the welfare and opinion of the 
students of Jeffersontown High; 

We the undersigned have writ- 
ten you in order to prove a 
|mint: the letter which was 
printed (Ian. 31, 1 l  74) from 
several students hardlv repre- 
sented the majority of rhe stu- 
dents of Jeffersontown High. 

I he following signatures are 
names of students who feel that 



Mr. 



fitly 



lizo that |K3 students 
lake a majority; how- 



Says school is 'number one' 



Dear Editors 

I am one parent and this is 

my opinion, First, your writer 



ichool in 



1.0 



i ill, 



ill i 



their problems, hut it's dedi- 
cated teachers like Mr. Sexton, 
who really care about the stu- 
dents of the school, that keeps 
us on toil. 

Mr. Sexton was a counselor 
and was able to get to know the 
students and talk to them, Now 
as assistant principal where his 
job is to discipline these same 
students, it turns a good angel 
into a rogue. Let's lace it: 
no one enjoys discipline. And 



some of the students may d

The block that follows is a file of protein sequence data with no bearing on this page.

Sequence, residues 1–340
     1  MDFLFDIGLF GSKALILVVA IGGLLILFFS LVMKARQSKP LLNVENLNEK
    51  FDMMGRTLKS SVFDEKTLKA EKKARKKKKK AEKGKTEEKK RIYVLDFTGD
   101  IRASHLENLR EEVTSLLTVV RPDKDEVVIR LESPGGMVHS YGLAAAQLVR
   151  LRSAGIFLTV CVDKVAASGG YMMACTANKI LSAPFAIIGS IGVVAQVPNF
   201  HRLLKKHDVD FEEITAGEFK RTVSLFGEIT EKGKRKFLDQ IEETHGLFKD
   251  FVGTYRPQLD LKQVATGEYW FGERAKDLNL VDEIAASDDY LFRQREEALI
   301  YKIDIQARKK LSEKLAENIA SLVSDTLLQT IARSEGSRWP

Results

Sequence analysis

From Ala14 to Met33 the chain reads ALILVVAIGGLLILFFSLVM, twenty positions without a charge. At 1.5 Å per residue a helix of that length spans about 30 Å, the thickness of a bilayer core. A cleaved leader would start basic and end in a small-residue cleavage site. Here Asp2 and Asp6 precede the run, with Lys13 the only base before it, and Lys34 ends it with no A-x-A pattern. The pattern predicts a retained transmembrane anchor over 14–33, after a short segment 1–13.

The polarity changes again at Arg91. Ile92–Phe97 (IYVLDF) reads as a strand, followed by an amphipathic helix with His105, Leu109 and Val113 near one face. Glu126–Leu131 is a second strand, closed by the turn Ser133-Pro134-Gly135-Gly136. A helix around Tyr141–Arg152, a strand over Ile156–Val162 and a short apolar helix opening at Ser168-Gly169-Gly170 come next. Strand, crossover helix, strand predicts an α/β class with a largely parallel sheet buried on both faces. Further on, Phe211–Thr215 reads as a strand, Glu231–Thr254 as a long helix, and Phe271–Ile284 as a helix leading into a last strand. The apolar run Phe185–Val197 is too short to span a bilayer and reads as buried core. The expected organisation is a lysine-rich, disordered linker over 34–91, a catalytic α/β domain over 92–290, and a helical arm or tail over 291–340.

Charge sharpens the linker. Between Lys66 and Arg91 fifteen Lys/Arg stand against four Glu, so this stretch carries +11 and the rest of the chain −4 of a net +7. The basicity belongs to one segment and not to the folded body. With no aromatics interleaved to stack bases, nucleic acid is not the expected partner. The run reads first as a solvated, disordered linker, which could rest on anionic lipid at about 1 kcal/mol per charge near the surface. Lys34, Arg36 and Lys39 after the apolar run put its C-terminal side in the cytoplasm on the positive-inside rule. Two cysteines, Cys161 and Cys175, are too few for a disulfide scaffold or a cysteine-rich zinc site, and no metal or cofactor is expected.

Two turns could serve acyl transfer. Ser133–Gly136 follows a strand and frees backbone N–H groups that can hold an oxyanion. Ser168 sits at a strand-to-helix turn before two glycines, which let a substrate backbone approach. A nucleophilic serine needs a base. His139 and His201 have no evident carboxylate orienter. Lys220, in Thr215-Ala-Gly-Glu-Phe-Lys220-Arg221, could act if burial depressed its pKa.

like him for this alone, 
deep down they respect ; 



consider our school to be 
imher one in the county. Our 
aching staff is of the highest 
inllty, We have the best band 
the state. Our school, also 
is the best students" And 
in proud to say I am a mother 
three of these. I hope by 
e time my other two chlld- 
-n reach high school age that 
r. Sexton is still at the school 
( I certainly don't feel their 
vill be damaged hy the 



of 



- high 



ever, we do feel that this is 
quite an amount of people to 
have been misrepresented, and 
we are sure that many other 
people agree. 

t here are probably many more 
students who feel as we do; how- 
ever, it was impossible to get 
in touch with them during school 
hours. We, too, are interested 
in a poll of the student body to 
see what the majority opinion in. 



Fva Cummings 
Greg D. Rudolph 
Debbie Walls 
Karen Schulz 
Mary Wei lor 

also sinned hy 177 other stu- 
dents. 



record at the Board of Fduca- 
tion. He Is ordered by them to 
behave and he tries, but no one 
has given similar orders to the 
teacher. The unfairness grows 
into tyranny. The school admin- 
istrators seem sympathetic but 
impotent, except to arrange for 
him to attend a weekly class 
with a lot of knife-wielding, 
junior-high delinquents, so that